We are a Cleveland meetup focused on the React.js framework. Join us for regular talks and discussions about intermediate-to-advanced topics pertaining to React.js and its broader ecosystem. All skill and experience levels welcome!
Cleveland React is a safe and friendly place for all people, and behavior that makes people feel unsafe will not be tolerated. Please read our Code of Conduct.
Come join Dan as he converts https://CLEreact.dev from Gatsby to Next.js live in front of everyone 😬.
Dan's written his share of React, but hasn't dipped in to Next in any real way yet.
Whether you're looking to learn, help, or heckle, we'd love to have you!
Dan is your friendly neighborhood co-organizer of Cleveland React. Front-end developer, maintainer at https://VirtualCoffee.io, and father to two ridiculous little boys.
We’ll take a look at how to get started with Cypress, how to write reliable tests to give you confidence in your code, and how using Cypress enables you to get more done.
Bekah graduated from the Flatiron School Software Engineering program in May of 2019 and since then she has started a consultancy specializing in front-end development, co-founded a developer community called Virtual Coffee, stayed active on Twitter and in tech-related slack groups, spoke on podcasts and at conferences, and has continued to mom her four kids. Cypress used to give her nightmares but now she claims she likes it.
The Founder returns! Join Zach as he walks us through getting up and going with React Testing Library.
React Testing Library (commonly referred to as RTL) has become the default choice for unit and integration tests in React Apps. It is the React team's official recommendation as well as included automatically in Create React App applications.
From the React docs:
"React Testing Library is a set of helpers that let you test React components without relying on their implementation details. This approach makes refactoring a breeze and also nudges you towards best practices for accessibility."
Some relevant links:
React Testing Library: https://testing-library.com/docs/react-testing-library/intro
React Docs on testing: https://reactjs.org/docs/testing.html
Zach likes to write elegant code to solve inelegant problems. He is the director of software engineering at Aha! — the world’s #1 roadmap software. He splits his time between his first love, ruby, and his current passion, React.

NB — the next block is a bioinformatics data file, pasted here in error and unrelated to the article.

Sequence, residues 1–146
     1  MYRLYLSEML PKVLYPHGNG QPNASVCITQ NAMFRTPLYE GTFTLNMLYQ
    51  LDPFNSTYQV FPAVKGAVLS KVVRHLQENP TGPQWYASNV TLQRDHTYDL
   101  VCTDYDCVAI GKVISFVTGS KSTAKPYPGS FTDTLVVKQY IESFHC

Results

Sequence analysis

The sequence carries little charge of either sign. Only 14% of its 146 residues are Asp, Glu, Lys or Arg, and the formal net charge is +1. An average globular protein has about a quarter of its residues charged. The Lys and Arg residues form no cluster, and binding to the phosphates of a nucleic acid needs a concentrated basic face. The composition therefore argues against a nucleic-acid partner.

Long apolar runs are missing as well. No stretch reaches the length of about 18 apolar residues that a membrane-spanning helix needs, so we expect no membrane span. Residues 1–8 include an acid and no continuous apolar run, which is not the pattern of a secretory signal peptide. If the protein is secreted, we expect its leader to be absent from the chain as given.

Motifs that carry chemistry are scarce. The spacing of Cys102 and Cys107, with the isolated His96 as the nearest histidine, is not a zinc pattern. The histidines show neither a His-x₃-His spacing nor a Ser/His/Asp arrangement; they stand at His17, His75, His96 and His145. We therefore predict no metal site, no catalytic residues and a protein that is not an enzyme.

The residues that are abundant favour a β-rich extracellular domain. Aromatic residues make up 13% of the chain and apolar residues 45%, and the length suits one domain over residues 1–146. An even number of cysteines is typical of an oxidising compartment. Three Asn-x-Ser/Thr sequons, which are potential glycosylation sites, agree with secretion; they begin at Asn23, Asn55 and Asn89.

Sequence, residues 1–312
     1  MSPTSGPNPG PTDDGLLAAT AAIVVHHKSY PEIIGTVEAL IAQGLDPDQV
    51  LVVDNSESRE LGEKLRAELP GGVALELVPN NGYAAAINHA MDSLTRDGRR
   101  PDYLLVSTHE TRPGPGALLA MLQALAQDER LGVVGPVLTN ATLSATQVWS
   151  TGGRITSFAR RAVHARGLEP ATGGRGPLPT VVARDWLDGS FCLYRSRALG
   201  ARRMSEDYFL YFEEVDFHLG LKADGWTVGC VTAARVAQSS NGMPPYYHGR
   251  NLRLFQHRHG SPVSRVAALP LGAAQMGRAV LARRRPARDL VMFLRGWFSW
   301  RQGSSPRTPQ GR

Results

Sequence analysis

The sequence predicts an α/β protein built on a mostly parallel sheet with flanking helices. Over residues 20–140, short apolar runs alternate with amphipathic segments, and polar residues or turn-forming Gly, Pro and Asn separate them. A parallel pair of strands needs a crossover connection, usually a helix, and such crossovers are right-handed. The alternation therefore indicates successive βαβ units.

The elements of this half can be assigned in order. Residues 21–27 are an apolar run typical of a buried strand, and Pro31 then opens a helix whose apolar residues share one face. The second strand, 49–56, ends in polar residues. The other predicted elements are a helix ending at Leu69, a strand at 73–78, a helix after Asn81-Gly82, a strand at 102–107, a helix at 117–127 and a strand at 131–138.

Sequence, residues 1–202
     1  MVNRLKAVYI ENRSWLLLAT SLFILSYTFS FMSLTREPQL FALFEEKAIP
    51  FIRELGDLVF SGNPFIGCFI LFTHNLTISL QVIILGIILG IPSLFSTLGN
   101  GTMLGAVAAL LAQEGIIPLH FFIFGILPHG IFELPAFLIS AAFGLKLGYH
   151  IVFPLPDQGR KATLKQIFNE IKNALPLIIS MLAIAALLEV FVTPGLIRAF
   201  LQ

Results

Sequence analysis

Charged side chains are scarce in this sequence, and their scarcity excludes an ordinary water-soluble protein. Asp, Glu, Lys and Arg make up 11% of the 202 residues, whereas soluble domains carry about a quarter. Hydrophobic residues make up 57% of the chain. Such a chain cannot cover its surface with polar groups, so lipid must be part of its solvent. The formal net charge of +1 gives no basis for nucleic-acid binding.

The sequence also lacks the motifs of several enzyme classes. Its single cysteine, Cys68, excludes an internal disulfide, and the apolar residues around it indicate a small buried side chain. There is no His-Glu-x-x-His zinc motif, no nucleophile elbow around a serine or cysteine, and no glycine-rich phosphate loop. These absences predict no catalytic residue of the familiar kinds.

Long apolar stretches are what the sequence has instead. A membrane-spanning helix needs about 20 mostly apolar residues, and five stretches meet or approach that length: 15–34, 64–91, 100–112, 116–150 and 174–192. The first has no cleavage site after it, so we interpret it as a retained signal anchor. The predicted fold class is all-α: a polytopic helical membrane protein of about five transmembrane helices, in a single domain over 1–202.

Zach is also one of the founding members of Cleveland React!
Last time we talked about React Native and Expo at CLE React, it was all about an easier way to break into mobile development by way of React skills we've honed on the Web. Well, in the meantime, Expo has been organizing a secret friendly takeover of web development, making "web" just another build target alongside iOS and Android. Let's take another look at Expo and React Native, but this time from the perspective of building one app that truly runs everywhere, seeing how mobile components translate seamlessly to web, and what to do when they don't.
Join us for a remote conversation with Yang as he discusses his latest project, a UI builder tool named Plasmic.
Design tools are amazing tools for thought, but for a host of reasons are limited to creating drawings rather than production assets. Engineers must instead re-create surfaces from scratch, by hand, using code. This inevitably leads to discrepancies and back-and-forth with the design team, and ultimately two sources of truth that are never truly in sync.
Plasmic is a tool to build UIs visually, currently in heavy development. It loosely resembles a design tool and aims to give the same sense of speedy iteration, but is for building maintainable, production-ready presentational components. The idea is to give developers a better and faster development experience, eliminate an entire class of visual bugs/QA/tooling, and ultimately maintain a single source of truth with design.
Yang had an early career in distributed database systems and machine learning, but discovered a passion in creating tools that directly touch and empower users. His time with React and JS has seen him build things from complex spreadsheet software to massively multiplayer real-time browser games. He is now building Plasmic full time.
Come join us online and learn all about Next.js! Next.js is a popular React framework that is used to create "production-grade React applications that scale." CLE React member James Mosier will walk us through getting started creating static and dynamic React sites using Next.js.
There are many considerations to make when starting a new web application. Does it need to be a dynamic site? Or static? Or both?! Who will setup and manage your build tools (looking at you webpack!)? What do you do as the organization scales? The list goes on. With so many solutions out there specializing in one thing or another, which do you choose? What if you could have all of that and more? Well you’re in luck! Next.js is an all-in-one, zero configuration solution for production ready static and dynamic web applications. Used in production by some of the largest companies in the world, Next.js solves the tough problems so you can focus on creating great products for your users. Whether you are building an enterprise dashboard, e-commerce site, blog, or all of the above, Next.js can do it. In this talk we’ll cover all of this and more and dive into what makes Next.js so great for you and most importantly your users.